What We Once Believed (Publisher: Caitlin Press) is the story of Maybe Collins, whose life is upended by the appearance of her mother Camille, who disappeared nine years earlier. Now an acclaimed author of a memoir about motherhood and Women’s Liberation, Camille is distant and confounding, and Maybe tries to piece together her mother’s life — why she left, the truth behind her famous memoir, and the future of their fractured relationship. When Maybe discovers that her mother is writing another book—a book about her return — the betrayal is fierce and painful, and Maybe resolves to teach Camille a lesson that will change things
Andrea MacPherson is a poet and novelist, and has written six books: three novels, What We Once Believed, Beyond the Blue, and When She Was Electric, and three poetry collections, Ellipses, Away, and Natural Disasters. When She Was Electric placed number 6 on CBC Canada Reads: People’s Choice, and Natural Disasters was longlisted for the ReLit Awards.
Her poetry was anthologized in the UK publication, How the Light Gets In, and she has been a runner-up in both Grain Magazine’s Short Grain Award, and Prism International’s Poetry Award.
Born in Vancouver, Andrea was raised in the Lower Mainland. Andrea holds an MFA from the Creative Writing department at the University of British Columbia, where she was Editor of Prism International. She has also acted as the Reviews Editor for Event Magazine. Andrea teaches creative writing and literature at UFV.
Nicola Campbell most recently organized the Indigenous Film Series at UFV. She also served as a docent for the Witness Blanket’s time at UFV, and taught a storytelling course for the Theatre department in 2017. She is nominated for her children’s book A Day with Yayah, which was illustrated by Julie Flett.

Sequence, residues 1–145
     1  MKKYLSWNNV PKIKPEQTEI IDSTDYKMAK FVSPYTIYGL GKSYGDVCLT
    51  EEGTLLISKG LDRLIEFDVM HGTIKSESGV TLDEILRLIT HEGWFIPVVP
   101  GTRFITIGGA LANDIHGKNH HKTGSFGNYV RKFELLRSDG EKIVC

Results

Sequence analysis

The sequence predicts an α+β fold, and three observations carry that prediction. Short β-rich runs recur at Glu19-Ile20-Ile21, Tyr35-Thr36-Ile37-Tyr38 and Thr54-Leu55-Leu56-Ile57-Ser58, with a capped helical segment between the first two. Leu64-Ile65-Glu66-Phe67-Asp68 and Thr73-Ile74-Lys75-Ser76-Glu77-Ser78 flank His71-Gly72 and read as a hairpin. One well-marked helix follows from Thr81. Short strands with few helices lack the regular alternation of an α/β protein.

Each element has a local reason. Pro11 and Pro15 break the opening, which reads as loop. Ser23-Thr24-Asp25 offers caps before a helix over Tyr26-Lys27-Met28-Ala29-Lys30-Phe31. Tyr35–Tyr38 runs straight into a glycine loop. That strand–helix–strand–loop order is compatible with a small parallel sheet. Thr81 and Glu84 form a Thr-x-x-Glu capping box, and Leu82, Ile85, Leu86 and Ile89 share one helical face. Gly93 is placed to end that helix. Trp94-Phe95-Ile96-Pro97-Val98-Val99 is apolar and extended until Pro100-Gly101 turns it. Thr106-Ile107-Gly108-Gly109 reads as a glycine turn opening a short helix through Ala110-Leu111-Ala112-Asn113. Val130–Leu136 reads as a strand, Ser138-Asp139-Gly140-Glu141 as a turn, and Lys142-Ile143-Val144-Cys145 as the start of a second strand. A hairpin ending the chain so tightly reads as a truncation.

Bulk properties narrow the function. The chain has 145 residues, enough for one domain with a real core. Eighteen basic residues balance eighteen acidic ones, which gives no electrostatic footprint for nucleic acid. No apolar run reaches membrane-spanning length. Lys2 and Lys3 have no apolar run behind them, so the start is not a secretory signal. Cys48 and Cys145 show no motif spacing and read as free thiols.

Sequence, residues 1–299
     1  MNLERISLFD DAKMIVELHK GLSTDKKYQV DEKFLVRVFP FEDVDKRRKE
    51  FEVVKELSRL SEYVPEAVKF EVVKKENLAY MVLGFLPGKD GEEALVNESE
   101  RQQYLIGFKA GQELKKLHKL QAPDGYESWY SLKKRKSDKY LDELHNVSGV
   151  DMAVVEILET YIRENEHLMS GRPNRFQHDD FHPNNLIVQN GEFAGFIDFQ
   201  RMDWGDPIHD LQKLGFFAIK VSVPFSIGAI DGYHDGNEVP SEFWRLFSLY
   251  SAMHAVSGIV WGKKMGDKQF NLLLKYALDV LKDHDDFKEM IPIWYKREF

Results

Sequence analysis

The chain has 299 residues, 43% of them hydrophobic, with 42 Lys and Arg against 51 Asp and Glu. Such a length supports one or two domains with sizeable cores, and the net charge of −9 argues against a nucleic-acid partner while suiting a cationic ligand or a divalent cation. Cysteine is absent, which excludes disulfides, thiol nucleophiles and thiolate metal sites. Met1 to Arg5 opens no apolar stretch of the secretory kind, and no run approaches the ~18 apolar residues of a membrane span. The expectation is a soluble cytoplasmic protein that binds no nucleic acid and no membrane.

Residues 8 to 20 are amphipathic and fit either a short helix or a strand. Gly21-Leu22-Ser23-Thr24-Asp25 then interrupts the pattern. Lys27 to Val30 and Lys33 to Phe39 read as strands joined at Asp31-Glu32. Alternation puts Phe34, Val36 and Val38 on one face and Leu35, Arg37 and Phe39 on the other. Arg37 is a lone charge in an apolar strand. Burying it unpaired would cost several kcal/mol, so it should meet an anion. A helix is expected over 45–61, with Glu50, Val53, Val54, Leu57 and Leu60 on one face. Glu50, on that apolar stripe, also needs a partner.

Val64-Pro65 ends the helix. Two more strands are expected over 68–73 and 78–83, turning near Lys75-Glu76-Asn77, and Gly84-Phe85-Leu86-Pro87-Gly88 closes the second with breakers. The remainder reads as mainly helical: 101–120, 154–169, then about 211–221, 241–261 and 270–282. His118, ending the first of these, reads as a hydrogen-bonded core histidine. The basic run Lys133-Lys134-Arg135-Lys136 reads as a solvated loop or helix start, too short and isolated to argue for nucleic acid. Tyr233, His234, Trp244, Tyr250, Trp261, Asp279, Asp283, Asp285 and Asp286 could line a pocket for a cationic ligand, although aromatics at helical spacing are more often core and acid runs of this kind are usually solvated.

Set in the Nicola Valley in BC, a First Nations family goes on an outing to gather edible plants and mushrooms. The grandmother, Yayah, passes down her knowledge of the natural world to her young grandchildren.
First Nations author Nicola I. Campbell lives in BC. Her books have won many awards, including the TD Canadian Children’s Literature Award, the Marilyn Baillie Picture Book Award, and the Anskohk Aboriginal Children’s Book of the Year Award.
Campbell is Nłeʔkepmx, Syilx and Métis and is named after her home, BC’s Nicola Valley. She has a BFA and a MFA in Creative Writing. She is currently a doctoral candidate, her research focus is on contemporary and traditional Indigenous literature and storytelling practices through UBCO in Kelowna, BC. She has lived in Sto:lo and Coast Salish solh temexw for approximately 20 years and currently resides in Rosedale, BC.
Nicola writes adult and children’s free-verse poetry, fiction and non-fiction. On land and water she finds peace: paddling her cedar dugout canoe, running, hiking and biking. She has a strong respect and an absolute belief in First Nation’s spirituality, culture and tradition.
I heard an elder speak of the importance of our languages and our culture. He said, “Our words are powerful; our stories are elastic; our languages are music: they dance, they move and they are medicine for our people. He said they are a spirit within themselves and we are only the channel that brings them to life.” I write because I know what he said is true.
- 2012 published by Groundwood Books
- finalist for the 2012 BC Book Awards Christie Harris Illustrated Children’s Literature Prize.
- 2009 published by Groundwood Books
- Received 2009 TD Canadian Children’s Literature Award
- 2009 USBBY Outstanding International Books List
- Finalist for the 2009 Marilyn Baillie Picture Book Award
- Finalist 2008 Governor Generals award for illustration.
- 2006 published by Groundwood Books
- Finalist 2006 Ruth Schwartz Children’s Book Award,
- Finalist 2006 TD Canadian Children’s Literature Award
- Finalist 2006 Marilyn Baillie Picture Book Award.
- Co-winner 2006 Anskohk Aboriginal Children’s Book of the Year Award.